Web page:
Now as He drew near, He saw the city and wept over it, saying, “If you had known, even you, especially in this your day, the things that make for your peace! But now they are hidden from your eyes. For days will come upon you when your enemies will build an embankment around you, surround you and close you in on every side, and level you, and your children within you, to the ground; and they will not leave in you one stone upon another, because you did not know the time of your visitation.” Luke 19:41-44
Jesus looked at Jerusalem and He wept. He looked at Jerusalem and He said, “I see what’s going to happen to you.” It was still a few decades away, but Jesus could see what was coming. The Romans would demolish the city and nearly everybody in it would die. Jesus wept because these were His people and He loved them. He loved humanity. He loved us – you and me.
Jesus loved humanity so much that He died for us, even while knowing that in two thousand years, a lot of us would not even care that He existed, much less care that He wept.
He died on a cross for people who say, “I don’t believe in God. I believe in Buddha.” He died knowing that it was for people who would come to believe in crystals. He died for people who would look at the moon and call it God. He died for the Romans who made up a whole pantheon of gods. He died, knowing that He was doing it for the sake of people everywhere who believe in every god except for Him. Why would He do that? The reason is simple. He loves humanity. “Whether they believe in me or not,” He said, “they’re created in my image. And I love them.”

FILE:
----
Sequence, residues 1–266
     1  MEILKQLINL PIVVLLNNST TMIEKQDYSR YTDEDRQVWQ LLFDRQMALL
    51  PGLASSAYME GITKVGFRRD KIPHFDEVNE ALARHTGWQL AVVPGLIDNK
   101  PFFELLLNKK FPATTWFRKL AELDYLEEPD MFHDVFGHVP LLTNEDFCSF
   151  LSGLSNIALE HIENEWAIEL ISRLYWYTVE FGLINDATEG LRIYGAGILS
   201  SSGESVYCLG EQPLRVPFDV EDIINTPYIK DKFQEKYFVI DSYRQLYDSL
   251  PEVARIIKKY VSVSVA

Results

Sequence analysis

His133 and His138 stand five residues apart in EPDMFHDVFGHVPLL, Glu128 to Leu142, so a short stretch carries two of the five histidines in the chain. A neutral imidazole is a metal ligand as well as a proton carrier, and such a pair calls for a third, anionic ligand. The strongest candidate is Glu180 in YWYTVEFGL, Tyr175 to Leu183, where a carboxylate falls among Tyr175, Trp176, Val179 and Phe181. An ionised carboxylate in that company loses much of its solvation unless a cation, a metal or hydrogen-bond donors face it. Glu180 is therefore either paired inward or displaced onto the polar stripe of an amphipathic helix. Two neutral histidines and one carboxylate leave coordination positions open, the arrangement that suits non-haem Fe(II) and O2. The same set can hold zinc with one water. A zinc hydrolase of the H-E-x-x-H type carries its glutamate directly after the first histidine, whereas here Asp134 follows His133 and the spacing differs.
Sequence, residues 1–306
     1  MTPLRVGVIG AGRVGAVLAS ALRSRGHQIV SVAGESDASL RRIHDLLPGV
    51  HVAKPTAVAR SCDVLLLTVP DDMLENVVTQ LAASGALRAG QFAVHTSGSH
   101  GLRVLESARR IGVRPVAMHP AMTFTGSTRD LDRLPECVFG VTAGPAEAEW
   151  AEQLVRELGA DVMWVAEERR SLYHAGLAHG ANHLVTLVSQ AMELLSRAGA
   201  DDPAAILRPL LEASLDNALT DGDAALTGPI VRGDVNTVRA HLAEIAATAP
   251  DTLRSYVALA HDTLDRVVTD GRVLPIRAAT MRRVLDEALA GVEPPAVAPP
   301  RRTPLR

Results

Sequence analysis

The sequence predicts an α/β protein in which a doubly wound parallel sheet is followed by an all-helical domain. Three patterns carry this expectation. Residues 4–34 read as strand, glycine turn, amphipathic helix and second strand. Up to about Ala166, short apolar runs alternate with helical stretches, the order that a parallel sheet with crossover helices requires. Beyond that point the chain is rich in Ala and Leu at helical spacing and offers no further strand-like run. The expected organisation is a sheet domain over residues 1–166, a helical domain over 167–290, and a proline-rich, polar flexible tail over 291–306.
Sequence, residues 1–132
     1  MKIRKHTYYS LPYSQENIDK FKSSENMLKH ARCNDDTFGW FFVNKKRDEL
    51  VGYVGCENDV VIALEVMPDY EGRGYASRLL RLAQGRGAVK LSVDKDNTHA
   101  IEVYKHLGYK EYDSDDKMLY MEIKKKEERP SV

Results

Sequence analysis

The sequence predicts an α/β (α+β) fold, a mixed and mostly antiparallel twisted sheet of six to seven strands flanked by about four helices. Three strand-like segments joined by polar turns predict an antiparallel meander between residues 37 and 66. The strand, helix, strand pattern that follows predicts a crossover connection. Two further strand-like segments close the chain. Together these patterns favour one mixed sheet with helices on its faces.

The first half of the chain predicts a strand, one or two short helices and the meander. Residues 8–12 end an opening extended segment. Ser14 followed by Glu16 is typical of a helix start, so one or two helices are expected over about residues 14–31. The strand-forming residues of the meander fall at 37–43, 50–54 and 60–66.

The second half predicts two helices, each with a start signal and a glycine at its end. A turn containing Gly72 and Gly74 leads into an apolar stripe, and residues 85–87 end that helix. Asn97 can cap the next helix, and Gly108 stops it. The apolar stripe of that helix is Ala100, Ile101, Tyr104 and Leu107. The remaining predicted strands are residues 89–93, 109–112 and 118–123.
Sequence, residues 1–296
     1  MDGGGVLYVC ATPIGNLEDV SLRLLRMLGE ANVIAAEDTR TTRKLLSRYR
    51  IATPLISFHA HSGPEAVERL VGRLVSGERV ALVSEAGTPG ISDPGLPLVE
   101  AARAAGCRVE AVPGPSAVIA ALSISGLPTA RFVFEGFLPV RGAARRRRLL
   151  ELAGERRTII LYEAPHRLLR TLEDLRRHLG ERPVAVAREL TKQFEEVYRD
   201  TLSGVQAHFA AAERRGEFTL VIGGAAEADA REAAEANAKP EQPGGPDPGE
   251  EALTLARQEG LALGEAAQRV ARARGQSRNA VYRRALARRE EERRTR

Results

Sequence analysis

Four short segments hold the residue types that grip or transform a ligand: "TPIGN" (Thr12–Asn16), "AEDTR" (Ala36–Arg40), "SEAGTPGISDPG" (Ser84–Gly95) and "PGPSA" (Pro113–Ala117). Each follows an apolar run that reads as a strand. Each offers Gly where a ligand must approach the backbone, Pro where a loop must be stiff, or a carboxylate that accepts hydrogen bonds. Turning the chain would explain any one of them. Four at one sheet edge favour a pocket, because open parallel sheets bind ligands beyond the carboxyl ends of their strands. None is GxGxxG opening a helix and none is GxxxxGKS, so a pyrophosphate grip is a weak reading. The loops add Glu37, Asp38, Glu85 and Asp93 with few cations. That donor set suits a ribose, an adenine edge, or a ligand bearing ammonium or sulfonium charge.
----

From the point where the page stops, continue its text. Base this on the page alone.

I have a whole new understanding of His love for us now that I have kids of my own. I would die for my kids. Even if they hated me, I would lay down my life down for them. I wouldn’t say, screw those kids. I wouldn’t do that to my own children, and I don’t think Jesus would do that to us.
I would die for my sons, hoping that they would eventually figure out who they really are. I would die for them, hoping that somehow they would come understand who they are called to be. I would extend life to them, so that they could do good things in this world. I wouldn’t be here to see it, although maybe I could look down from heaven. But even if I could never see the men they would become, I would die for them.
That’s why Jesus died for us. He was there when everything was created. He understood what He was dying for. I think maybe it frustrated Him at times, but He still understood it.
Christians are called to love. To love like Jesus requires grace! More on this next time. See you Monday.